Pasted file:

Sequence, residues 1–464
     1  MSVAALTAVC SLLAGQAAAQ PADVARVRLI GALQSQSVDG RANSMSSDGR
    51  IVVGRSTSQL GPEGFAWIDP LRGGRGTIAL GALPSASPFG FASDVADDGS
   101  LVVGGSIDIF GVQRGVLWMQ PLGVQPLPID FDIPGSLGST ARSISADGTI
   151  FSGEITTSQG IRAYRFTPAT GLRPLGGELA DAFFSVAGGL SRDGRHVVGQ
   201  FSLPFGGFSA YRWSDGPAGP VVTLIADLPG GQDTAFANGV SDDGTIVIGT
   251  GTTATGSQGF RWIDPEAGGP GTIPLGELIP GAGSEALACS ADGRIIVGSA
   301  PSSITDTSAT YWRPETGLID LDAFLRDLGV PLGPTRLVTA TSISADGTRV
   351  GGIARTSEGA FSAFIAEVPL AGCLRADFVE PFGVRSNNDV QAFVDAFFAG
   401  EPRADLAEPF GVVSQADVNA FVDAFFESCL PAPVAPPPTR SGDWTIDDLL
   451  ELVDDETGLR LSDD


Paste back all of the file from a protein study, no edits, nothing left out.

Sequence, residues 1–464
     1  MSVAALTAVC SLLAGQAAAQ PADVARVRLI GALQSQSVDG RANSMSSDGR
    51  IVVGRSTSQL GPEGFAWIDP LRGGRGTIAL GALPSASPFG FASDVADDGS
   101  LVVGGSIDIF GVQRGVLWMQ PLGVQPLPID FDIPGSLGST ARSISADGTI
   151  FSGEITTSQG IRAYRFTPAT GLRPLGGELA DAFFSVAGGL SRDGRHVVGQ
   201  FSLPFGGFSA YRWSDGPAGP VVTLIADLPG GQDTAFANGV SDDGTIVIGT
   251  GTTATGSQGF RWIDPEAGGP GTIPLGELIP GAGSEALACS ADGRIIVGSA
   301  PSSITDTSAT YWRPETGLID LDAFLRDLGV PLGPTRLVTA TSISADGTRV
   351  GGIARTSEGA FSAFIAEVPL AGCLRADFVE PFGVRSNNDV QAFVDAFFAG
   401  EPRADLAEPF GVVSQADVNA FVDAFFESCL PAPVAPPPTR SGDWTIDDLL
   451  ELVDDETGLR LSDD